If you know me or have ever interacted with me professionally, you’re probably aware of a certain reputation that I have: I like to ask questions. Lots of questions! I do this not to be annoying – though I’ve been told at times it can be – but to gain as clear a picture of the current situation as I possibly can. I’m also just naturally inquisitive. I want to know more about the people I’m speaking with – what they do, what interests them, where we may have some common ground or areas where we can help each other. Mostly, I want to know who they are.

Asking questions comes more naturally to some people than others, but in all cases, it’s important to know how to ask good, probing questions, especially in a business networking environment. While I’ve always liked to ask questions, I’ve had to train myself to ask the right questions in the right way to improve my chances of having an interesting, productive discussion – which is the subject of this edition of The Friedman File.

The Importance of Asking

Management consultant Peter Drucker said, “The most serious mistakes are not being made as a result of wrong answers. The true dangerous thing is asking the wrong question.” Though this may come off as too ominous a warning for A/E/C firm leaders trying to encourage their people to learn the proper questions to ask and how to ask them, Drucker’s quote nails an important fact – we spend far too much time worrying about the answers we’re going to give than we do on the questions we should ask.

A basic tenet of business development that I fiercely believe in is to talk less and ask more. This is a clear path to better understanding the pain points that your clients and prospects face, which in turn helps you establish a rapport and build credibility with them. By formulating your questions strategically, you can move the conversation in the direction that you want to take it, better influencing their knowledge and perception of you and your firm. Asking good questions is also essential for assessing client satisfaction and creating opportunities for new and repeat work, while garnering intelligence that enables you to customize your BD approach and messaging.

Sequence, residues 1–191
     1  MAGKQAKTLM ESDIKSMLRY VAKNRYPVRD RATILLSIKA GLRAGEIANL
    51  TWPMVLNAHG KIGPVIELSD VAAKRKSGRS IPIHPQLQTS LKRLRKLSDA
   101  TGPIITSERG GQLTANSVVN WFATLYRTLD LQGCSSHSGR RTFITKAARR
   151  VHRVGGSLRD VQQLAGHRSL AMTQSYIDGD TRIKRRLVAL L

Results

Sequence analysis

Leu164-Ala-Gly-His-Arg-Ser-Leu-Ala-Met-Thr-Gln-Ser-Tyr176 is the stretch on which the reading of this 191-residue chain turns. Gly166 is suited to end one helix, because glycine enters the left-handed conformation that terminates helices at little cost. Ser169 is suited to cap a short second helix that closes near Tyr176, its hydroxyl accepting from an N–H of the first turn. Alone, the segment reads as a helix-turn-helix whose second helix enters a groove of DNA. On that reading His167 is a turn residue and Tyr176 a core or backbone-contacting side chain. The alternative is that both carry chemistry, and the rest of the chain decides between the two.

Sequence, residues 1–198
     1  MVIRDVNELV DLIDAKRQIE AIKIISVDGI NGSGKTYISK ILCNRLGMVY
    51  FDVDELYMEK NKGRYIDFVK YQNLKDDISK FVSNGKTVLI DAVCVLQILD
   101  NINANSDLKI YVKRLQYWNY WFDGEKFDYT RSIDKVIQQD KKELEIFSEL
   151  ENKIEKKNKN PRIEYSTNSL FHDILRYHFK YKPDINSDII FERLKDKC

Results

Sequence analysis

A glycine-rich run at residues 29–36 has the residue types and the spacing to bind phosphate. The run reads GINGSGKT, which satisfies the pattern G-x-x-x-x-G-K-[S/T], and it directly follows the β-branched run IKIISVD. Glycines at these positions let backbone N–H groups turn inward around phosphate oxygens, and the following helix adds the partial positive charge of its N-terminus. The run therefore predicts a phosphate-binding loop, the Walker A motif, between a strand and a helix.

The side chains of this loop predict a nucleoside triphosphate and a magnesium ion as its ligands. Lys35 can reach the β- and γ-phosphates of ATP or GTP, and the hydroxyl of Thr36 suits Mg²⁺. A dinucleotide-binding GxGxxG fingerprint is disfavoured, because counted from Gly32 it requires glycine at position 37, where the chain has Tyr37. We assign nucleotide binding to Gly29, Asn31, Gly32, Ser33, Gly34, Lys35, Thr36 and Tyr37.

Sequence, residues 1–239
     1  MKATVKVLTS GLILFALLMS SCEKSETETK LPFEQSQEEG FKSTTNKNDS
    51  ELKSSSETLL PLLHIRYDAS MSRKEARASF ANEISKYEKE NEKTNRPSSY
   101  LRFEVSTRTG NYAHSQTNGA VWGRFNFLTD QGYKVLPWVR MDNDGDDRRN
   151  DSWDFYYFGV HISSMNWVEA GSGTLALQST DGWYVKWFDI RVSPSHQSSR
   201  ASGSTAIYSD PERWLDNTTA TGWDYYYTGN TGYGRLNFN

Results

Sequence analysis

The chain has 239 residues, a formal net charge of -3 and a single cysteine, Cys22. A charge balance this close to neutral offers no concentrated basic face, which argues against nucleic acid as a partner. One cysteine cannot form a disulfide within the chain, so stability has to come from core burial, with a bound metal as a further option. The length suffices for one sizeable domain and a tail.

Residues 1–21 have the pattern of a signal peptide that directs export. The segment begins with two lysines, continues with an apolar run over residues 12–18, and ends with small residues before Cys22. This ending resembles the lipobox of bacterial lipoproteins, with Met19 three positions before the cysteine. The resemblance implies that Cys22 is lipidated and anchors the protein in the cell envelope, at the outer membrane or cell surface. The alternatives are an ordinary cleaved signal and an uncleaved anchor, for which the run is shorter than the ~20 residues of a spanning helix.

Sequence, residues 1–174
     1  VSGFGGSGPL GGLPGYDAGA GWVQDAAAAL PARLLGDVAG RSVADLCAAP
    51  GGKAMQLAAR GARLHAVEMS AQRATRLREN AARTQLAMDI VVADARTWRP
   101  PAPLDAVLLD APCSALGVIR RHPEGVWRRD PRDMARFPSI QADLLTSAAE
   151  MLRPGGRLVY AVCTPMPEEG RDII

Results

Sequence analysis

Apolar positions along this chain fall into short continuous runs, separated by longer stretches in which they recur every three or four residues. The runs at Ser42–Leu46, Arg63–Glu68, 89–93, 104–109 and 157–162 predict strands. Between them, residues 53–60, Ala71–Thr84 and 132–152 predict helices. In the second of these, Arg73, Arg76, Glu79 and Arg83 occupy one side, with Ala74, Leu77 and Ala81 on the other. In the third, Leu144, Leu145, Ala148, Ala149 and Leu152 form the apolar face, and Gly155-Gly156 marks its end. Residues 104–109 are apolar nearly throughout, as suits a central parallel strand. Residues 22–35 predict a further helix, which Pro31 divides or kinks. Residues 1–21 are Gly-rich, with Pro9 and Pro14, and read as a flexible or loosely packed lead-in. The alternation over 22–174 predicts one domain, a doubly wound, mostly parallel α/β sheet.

How to Ask

Much of the art of asking good questions the right way lies in how you view the relationship. Is your purpose for speaking with someone simply a means to an end, or do you truly have their best interests at heart? (While we’re talking about business networking here, this often holds true of any conversation for any reason!) The more you move your mindset toward the latter, the more likely you are to genuinely and spontaneously ask beneficial, positive questions that lead to a productive outcome.